Who was Jóhann Jóhannsson? A guide to the Icelandic composer
Was Jóhann Jóhannsson?
He was a prolific Icelandic composer and multi-instrumentalist – one of the most acclaimed film composers of recent decades – who wrote music for a variety of media and skillfully blurred the boundaries between musical genres.
What work was he best known for?
Probably his haunting scores at The theory of everything James Marsh’s 2014 film about the romance between physicist Stephen Hawking and his wife Jane; and Sicario, Denis Villeneuve’s 2015 crime thriller about the FBI’s war on a brutal Mexican drug cartel. Both scores earned him Oscar nominations.
What was his background?
He was born in Reykjavík, Iceland to Jóhann Gunnarsson, a maintenance engineer who worked for IBM, and Edda Thorkelsdóttir. Although he learned piano and trombone from the age of 11, Jóhannsson abandoned them as a teenager to study languages and literature at the University of Iceland. His return to music was through the pop world: he played in various rock and pop bands as part of the Icelandic indie scene in the 80s, before finally deciding to focus on songwriting. and to leave Reykjavík for Copenhagen, then finally Berlin.
How would you describe his music?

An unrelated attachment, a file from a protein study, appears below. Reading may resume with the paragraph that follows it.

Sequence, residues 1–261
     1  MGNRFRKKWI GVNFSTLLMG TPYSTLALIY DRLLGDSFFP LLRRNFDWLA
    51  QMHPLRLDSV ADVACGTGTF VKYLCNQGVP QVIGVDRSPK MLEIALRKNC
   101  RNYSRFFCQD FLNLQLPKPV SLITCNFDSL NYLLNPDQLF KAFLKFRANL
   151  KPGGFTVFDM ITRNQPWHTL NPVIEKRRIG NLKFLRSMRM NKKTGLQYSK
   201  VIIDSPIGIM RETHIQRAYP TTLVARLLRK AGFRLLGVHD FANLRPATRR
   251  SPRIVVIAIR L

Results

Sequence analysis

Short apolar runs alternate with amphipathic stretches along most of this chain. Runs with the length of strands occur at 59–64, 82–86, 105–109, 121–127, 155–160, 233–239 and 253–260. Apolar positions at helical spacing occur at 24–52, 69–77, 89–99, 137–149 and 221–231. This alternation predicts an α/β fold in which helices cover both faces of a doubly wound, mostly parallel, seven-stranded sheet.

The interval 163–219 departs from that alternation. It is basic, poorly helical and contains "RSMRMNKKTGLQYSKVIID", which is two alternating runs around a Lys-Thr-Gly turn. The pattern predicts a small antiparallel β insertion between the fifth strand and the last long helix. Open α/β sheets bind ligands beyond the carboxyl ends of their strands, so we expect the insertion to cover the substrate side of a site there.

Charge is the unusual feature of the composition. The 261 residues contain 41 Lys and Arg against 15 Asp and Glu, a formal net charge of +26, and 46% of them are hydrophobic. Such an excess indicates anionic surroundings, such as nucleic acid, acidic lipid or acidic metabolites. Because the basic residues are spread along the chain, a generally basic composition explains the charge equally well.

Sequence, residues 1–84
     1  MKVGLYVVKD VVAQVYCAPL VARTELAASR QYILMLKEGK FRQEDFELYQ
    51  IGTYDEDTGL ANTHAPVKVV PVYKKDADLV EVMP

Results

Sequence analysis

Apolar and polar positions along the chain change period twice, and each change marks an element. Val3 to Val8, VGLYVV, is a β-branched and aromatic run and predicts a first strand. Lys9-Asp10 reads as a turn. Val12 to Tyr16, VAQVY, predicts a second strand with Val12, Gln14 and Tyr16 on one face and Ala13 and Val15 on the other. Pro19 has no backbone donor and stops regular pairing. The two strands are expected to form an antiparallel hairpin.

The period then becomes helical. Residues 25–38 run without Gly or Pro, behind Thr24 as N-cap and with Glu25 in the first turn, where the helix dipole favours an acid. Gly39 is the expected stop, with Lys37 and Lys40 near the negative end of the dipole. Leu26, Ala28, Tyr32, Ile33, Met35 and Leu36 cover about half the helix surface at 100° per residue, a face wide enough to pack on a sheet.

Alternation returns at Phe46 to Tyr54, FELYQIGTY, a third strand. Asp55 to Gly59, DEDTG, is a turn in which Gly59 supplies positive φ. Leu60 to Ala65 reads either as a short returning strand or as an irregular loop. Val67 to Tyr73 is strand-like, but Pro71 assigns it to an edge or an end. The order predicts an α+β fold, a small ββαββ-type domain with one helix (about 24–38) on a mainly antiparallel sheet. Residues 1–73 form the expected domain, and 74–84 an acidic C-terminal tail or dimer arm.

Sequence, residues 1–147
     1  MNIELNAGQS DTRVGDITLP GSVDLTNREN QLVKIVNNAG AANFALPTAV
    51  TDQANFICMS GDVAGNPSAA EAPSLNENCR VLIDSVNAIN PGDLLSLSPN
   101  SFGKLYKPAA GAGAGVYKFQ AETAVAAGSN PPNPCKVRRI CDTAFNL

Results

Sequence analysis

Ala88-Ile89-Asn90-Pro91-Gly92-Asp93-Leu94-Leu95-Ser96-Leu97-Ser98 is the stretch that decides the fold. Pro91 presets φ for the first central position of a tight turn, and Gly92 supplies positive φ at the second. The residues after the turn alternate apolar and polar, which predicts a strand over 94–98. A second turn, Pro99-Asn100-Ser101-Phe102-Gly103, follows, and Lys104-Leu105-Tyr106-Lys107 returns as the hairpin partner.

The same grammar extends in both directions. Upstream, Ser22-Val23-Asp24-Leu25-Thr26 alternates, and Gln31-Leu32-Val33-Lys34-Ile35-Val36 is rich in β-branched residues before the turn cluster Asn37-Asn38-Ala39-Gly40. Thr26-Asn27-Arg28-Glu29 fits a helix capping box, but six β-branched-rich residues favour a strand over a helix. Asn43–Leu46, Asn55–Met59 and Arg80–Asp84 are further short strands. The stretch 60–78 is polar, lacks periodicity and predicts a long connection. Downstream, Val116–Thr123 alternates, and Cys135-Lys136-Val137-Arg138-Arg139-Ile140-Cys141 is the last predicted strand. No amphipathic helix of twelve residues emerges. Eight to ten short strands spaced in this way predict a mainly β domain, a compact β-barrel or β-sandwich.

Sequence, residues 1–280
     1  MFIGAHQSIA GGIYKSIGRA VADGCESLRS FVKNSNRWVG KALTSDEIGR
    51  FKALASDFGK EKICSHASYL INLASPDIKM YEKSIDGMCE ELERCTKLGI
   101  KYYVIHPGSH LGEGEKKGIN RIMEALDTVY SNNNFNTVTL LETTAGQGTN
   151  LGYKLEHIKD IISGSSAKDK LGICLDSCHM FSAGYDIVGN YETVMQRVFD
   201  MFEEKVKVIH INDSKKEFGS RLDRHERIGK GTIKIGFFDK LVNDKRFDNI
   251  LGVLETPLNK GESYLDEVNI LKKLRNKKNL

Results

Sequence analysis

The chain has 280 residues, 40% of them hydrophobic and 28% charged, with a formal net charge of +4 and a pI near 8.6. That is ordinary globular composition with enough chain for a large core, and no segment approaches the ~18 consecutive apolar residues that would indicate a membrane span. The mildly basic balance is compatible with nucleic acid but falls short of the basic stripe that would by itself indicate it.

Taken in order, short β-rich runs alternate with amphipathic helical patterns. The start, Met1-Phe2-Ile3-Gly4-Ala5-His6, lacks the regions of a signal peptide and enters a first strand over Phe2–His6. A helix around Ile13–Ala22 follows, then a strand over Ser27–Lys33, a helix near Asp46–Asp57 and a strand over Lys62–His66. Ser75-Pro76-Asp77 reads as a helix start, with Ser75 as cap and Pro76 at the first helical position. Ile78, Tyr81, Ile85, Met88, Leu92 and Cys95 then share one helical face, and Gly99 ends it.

Very original. Ignoring the boundary between classical and electronic music, he has created a distinctive sonic world by blending aspects of minimalism, classical forms and symphonic sweep, as well as electronic and acoustic sounds. A humble and intensely private man, Jóhannsson had no interest in appearing commercial. Instead, he aimed “to write music that hits people in a very direct way and then strip it down to a specific core”, as he once said in an interview for the Reykjavík vineyard. The result was poetic, epic and often deeply melancholy.
How did he break through?
Although his first album, England, which he released in 2002, already revealed Jóhannsson’s talent for storytelling and poignant melody, it would take time for filmmakers to grasp its potential. He scored a handful of Icelandic films before gaining fame for his work on “The Miners’ Hymns”, Bill Morrison’s 2010 documentary about coal mining in the north of England.
When did he die?
In February 2018, aged just 48, most likely on a deadly combination of cocaine and prescription drugs – just after being hired to write the score for the disney film Christopher Robin. The film is dedicated to his memory.